…“Federal fiscal policy is entering uncharted territory [as] Congress has voted twice in the last two months to substantially expand the budget deficit despite an already elevated debt level and an economy that shows no need for additional fiscal stimulus. While most of the recent fiscal expansion has not come as a surprise to us, this nevertheless raises new questions about the plan for US fiscal policy…US fiscal policy is on an unusual course.” says Goldman Sachs in an article entitled “What’s Wrong With Fiscal Policy?”.
The original article has been edited here for length (…) and clarity ([ ]) by munKNEE.com – A Site For Sore Eyes & Inquisitive Minds – to provide a fast & easy read.
Here’s the projected deficit and debt-to-GDP ratio:
Here’s Goldman explaining what’s so unusual about this:
“This stands in contrast to the typical relationship between the economic cycle and the budget balance, as shown in Exhibit 2. The result is a cyclically adjusted budget balance that we project to be wider over the next few years than at any time over the last 50 years with the exception of the 2009-2012 period following the financial crisis. In our view, this gap is driven by a combination of longer-term factors as well as the recently enacted tax cuts and spending increases.”
As noted there, Goldman attributes this to a variety factors, but spending increases and the tax cuts are among the culprits.
Gary Cohn…goes on to note that interest expense is likely to rise sharply over the next eight years although Goldman does remind you that “the U.S. has historically benefited from a negative rate-growth differential, which has allowed the federal government to run a modest primary deficit on average without increasing the debt/GDP ratio.”
Goldman goes on to compare what’s going on in the U.S. to other examples of similar scenarios witnessed abroad. They have to do that because an apples-to-apples comparison isn’t possible by virtue of the fact that Goldman is “unaware of any period in the last several decades when the U.S. cyclically adjusted primary deficit expanded as we expect it to at the same time that the debt load had already been growing, as appears likely now, except for periods in or near recessions.” Here are some historical examples from around the world:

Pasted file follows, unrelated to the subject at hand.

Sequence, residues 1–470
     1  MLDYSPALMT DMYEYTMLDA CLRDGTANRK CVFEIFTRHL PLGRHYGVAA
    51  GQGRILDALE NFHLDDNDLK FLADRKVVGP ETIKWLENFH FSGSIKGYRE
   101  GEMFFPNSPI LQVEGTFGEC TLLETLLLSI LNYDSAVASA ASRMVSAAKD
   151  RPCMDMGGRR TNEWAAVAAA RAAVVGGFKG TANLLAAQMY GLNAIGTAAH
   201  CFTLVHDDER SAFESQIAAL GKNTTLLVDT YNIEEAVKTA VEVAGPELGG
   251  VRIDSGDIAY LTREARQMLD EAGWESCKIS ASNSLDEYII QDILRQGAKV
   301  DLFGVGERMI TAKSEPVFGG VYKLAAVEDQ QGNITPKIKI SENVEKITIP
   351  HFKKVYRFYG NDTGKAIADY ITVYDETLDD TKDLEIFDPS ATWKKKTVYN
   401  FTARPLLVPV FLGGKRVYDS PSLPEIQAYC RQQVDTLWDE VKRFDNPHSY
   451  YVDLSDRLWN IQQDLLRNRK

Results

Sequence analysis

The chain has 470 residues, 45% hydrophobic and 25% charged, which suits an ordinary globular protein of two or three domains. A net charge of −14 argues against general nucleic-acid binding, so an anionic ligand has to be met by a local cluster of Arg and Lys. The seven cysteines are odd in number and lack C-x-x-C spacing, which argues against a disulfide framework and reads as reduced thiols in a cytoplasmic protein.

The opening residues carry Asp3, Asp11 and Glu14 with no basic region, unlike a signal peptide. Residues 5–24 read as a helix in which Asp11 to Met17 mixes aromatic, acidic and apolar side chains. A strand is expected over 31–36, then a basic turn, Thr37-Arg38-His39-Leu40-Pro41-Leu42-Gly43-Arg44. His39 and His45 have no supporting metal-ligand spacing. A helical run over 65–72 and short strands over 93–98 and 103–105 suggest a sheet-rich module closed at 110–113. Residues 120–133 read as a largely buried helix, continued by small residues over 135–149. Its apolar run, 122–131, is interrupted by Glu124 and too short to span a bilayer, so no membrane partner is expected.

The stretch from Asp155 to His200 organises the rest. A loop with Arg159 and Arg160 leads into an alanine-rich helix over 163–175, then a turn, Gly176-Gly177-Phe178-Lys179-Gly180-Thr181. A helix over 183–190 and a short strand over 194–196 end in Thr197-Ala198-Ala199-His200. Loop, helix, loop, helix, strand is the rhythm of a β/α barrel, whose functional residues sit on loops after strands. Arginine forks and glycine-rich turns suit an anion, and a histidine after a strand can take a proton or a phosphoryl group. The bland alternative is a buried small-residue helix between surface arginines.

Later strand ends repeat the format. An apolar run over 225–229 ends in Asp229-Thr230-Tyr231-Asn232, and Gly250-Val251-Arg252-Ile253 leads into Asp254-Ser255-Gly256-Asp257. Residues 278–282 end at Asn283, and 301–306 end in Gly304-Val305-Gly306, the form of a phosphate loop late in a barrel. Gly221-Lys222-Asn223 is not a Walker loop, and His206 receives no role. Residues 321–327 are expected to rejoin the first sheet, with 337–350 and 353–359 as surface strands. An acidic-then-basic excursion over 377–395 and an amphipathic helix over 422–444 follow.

Then it gets really fun when Goldman breaks out the outlier charts. “While there are some comparable examples from the past, the U.S. looks like more of an outlier at the moment compared with other developed economies, as shown in Exhibit 10,” the bank writes. Here is Exhibit 10:
The best chart of all comes when Goldman shows you what’s about to happen in terms of interest expense relative to debt level if we stay on the current course. To wit:
“The U.S. also appears to be headed into uncharted territory—at least for US fiscal policy—regarding the relationship between interest expense and the debt level.
As shown in Exhibit 11, interest expense considerably exceeded the current level during the late 1980s and early 1990s, though the debt level was moderate. By contrast, the debt level was slightly higher during and just after World War II than it is today, while the level of interest expense was similar. However, we project that, if Congress continues to extend existing policies, including the recently enacted tax and spending legislation, federal debt will slightly exceed 100% of GDP and interest expense will rise to around 3.5% of GDP, putting the U.S. in a worse fiscal position than the experience of the 1940s or 1990s.”
…This is all in the service of short-term gains at the expense of long-run sustainability.
As Goldman concludes, “overall, we now expect fiscal policy to boost growth by 0.7pp in 2018 and 0.6pp in 2019 on a Q4/Q4 basis, however, we anticipate that the growth effects will fade later in 2019 and turn slightly negative by 2020.”